John's lockjaw came from accidentally cutting himself on New Year's Day. The cut, bandaged without initial concern, soon became infected. His death within ten days was anything but peaceful: he suffered violent muscle spasms and his body stiffened in painfully difficult positions. It is said that he finally died in the arms of his younger brother, who soon developed what he called "sympathetic lockjaw" and showed similar symptoms to his brother, despite never suffering any cut. "It is strange — unaccountable," Emerson wrote in a letter. Just as Henry recovered, the Emersons' son Waldo died of scarlet fever.
Though observers called him calm, Henry David Thoreau stopped recording in his journal for a time and temporarily lost interest in the natural world he loved so much. "How plain that death is only the phenomenon of the invidividual or class," he mused. "Nature does not recognize it, she finds her own again under new forms without loss." Soon, however, the death of his brother inspired him to embrace his own life more.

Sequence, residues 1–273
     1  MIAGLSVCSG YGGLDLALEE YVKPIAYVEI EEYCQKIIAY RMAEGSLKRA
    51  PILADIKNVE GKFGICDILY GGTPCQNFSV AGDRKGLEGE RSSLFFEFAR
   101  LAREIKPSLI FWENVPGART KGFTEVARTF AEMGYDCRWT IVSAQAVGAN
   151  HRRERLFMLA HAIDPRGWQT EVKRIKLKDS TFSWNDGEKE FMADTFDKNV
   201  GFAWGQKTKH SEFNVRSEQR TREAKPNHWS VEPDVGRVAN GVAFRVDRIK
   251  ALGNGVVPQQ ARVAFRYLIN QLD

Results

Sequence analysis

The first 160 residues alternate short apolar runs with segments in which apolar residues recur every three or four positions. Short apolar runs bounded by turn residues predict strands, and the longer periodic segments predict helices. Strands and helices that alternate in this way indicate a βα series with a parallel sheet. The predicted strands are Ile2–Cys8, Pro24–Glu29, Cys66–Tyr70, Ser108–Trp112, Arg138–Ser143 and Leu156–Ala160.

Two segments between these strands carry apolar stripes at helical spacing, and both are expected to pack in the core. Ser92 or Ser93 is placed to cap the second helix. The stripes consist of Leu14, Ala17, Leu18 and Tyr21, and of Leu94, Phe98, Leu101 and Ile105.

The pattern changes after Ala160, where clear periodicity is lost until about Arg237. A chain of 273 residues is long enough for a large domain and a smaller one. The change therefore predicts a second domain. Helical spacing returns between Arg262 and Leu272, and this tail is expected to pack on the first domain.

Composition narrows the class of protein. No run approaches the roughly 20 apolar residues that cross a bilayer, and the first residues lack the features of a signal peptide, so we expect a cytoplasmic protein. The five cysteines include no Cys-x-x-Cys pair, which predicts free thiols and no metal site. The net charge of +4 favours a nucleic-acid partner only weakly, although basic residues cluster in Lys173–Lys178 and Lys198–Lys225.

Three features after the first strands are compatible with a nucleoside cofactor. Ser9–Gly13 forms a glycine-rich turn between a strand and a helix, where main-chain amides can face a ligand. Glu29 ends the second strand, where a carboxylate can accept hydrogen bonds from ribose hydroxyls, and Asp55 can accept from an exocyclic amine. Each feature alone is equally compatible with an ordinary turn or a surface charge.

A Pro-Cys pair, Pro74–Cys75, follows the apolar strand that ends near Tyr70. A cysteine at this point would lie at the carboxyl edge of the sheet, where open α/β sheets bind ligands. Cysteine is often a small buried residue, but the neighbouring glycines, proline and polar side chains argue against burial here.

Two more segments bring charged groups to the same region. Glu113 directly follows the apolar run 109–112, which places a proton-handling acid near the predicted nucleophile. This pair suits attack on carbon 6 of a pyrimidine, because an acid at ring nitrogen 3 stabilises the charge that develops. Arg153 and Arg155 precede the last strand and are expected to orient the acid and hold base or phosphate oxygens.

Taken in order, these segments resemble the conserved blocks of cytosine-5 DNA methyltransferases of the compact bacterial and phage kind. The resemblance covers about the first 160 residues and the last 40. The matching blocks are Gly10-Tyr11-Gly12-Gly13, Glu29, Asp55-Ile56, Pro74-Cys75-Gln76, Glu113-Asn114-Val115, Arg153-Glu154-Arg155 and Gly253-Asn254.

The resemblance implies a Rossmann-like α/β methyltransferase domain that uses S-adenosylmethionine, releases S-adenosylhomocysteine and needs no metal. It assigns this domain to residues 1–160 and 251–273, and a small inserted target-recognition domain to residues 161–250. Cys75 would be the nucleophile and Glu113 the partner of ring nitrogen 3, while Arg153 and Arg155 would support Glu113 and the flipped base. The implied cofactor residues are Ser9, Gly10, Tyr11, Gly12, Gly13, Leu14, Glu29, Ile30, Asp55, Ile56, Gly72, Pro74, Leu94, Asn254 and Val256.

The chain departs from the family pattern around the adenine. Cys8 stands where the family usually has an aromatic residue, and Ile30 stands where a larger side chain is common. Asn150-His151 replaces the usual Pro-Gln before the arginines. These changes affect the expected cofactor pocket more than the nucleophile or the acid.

The death of friends should inspire us as much as their lives. If they are great and rich enough they will leave consolation to the mourners before the expenses of the funerals. It will not be hard to part with any worth, because it is worthy. How can any good depart? It does not go and come, but we. Shall we wait for it? Is it slower than we?
This journal entry was later re-worked into a passage from A Week on the Concord and Merrimack Rivers. Here, Thoreau concluded, "our Friends have no place in the graveyard."
*For this post, I must acknowledge Jeffrey S. Cramer's I to Myself: An Annotated Selection from the Journal of Henry D. Thoreau (2007) and Robert Sullivan's The Thoreau You Don't Know: What the Prophet of Environmentalism Really Meant (2009).